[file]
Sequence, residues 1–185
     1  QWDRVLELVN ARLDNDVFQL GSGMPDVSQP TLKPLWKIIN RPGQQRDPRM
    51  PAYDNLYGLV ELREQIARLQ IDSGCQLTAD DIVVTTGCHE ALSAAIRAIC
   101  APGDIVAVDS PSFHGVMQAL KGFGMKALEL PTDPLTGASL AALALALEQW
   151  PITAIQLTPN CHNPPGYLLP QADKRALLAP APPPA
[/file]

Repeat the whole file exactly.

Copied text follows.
Sequence, residues 1–185
     1  QWDRVLELVN ARLDNDVFQL GSGMPDVSQP TLKPLWKIIN RPGQQRDPRM
    51  PAYDNLYGLV ELREQIARLQ IDSGCQLTAD DIVVTTGCHE ALSAAIRAIC
   101  APGDIVAVDS PSFHGVMQAL KGFGMKALEL PTDPLTGASL AALALALEQW
   151  PITAIQLTPN CHNPPGYLLP QADKRALLAP APPPA